Lights, art to greet 2001

First Night returns for 11th year, stressing family fun

Alcohol-free celebration

A giant, blue crab to mark countdown to the new year

December 28, 2000|By Stephanie Desmon | Stephanie Desmon,SUN STAFF

Forget stocking up on bottled water and hoarding cash. No Y2K worries this year.

In Annapolis, the biggest New Year's Eve concern might be how to catch the circus and the Andean flute music and Shakespeare and still get a good spot for the fireworks display over the harbor.

First Night Annapolis will ring in 2001 with its 11th annual alcohol-free family event spread out among more than 40 indoor and outdoor spots throughout the city's historic district beginning at 3 p.m. and lasting through the stroke of midnight. That's when a giant, lighted blue crab will be "cooked" red and flash "2001" to mark the new year (and in some circles, the new millennium).

"We provide a non-alcoholic New Year's Eve celebration of the arts," said Elizabeth Melvin, program manager for First Night. "It's all within walking distance."

There will be twice as much children's programming as there was last year, Melvin said, including face painting, puppet shows, storytelling and silly music.

At Imagination Station - a new name, at least for the night, for Dahlgren Hall at the U.S. Naval Academy - children can make masks and percussion instruments and build all kinds of structures with 8,000 blocks on hand.

At City Dock, the grown-ups get their chance at using their imaginations. Alongside Linthicum artist Conrad Bladey's creation, "The Magnet Truck," decorated with magnetized Barbie dolls bundled up against the cold, and other so-called "Art Cars," will be an unadorned vehicle ready to be transformed into a masterpiece with old computer parts.

"They can bring their own or we'll have a whole stack of them there," Melvin said.

The inaugural First Night took place in Boston in 1976 at the close of the city's bicentennial festivities. Now more than 200 First Night celebrations take place from Annapolis to Auckland. Four are in Maryland - the others taking place in Easton, Frederick and Silver Spring.

In 1990, about 5,000 people attended the Annapolis celebration. More than 20,000 are expected for Sunday's event, which organizers say will take place snow or shine.

At the Naval Academy's Ministry Center, Atlanta actor Doug Lothes will take the stage four times Sunday evening, playing 14 different characters.

His "Gone With the Wind in 20 Minutes" is new to Annapolis, but not to New Year's Eve. Lothes has been performing for years, regaling friends in night clubs and at his former New York apartment - not far from Times Square, long the standard for New Year's celebrations.

The act, which hits the major plot points of the classic Clark Gable-Vivien Leigh film, just came to him 15 years ago as he performed at an open-mike night. "The muses sat on my shoulder and whispered what I should do," he said this week. "I've never been what they call a `Windy,' the people who are really into it, like Trekkies. But it has always fascinated me."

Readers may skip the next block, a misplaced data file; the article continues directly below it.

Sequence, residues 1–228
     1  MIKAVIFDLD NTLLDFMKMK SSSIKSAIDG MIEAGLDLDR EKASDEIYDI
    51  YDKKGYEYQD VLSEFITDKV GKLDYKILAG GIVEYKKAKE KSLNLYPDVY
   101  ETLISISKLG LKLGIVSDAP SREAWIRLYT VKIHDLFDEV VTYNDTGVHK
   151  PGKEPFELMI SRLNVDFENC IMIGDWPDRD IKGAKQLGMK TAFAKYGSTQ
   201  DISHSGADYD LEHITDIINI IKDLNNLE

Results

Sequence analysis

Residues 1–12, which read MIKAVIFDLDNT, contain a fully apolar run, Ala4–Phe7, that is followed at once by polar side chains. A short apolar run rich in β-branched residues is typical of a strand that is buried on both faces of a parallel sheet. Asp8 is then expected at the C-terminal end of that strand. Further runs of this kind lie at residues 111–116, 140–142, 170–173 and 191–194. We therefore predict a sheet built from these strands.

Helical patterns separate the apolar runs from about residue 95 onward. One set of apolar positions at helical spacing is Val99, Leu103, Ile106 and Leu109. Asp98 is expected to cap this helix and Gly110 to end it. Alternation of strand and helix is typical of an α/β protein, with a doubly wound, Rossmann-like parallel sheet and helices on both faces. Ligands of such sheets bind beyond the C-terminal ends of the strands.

Lothes doesn't change costumes or sets as he builds up to the crescendo when he does Scarlet - not only in the style of Leigh, but how actresses Bette Davis and Katharine Hepburn might have played the role. Davis and Hepburn were two top vote-getters in a poll taken when the film was made on who should get the role, Lothes said.

"They get a little taste of what it might have been like if someone else had played Scarlet," he said.

Bill Barker as president and statesman Thomas Jefferson is a First Night Annapolis staple. He hasn't missed one yet. This year, at the Masonic Temple on Conduit Street which was once the site of a tavern where Jefferson stayed, he'll perform Jefferson's inaugural address from 1801, which followed a highly contentious election that ended in an Electoral College tie.

The message of unity foreshadows a similar election of 2000 that practically ended in a tie. He'll take questions, but don't expect much commentary on today's politics.

"I speak in the first person," explained Barker, who works summers at Colonial Williamsburg. "So if someone asks, `What do you think of George W. Bush?' I will ask, `Who is that?' and hope to find some sort of correlation between today and yesterday."

Admission buttons are on sale at $15 for ages 13 and older, and $10 for children, at Giant Food and other stores. The day of the event, they can be purchased at the Church Circle post office, the Visitor's Center kiosk at City Dock, and Navy-Marine Corps Stadium on Rowe Boulevard, where parking will be available for $5 with free shuttle service all night.

A complete schedule of events can be found at and programs will be available at each performance venue.

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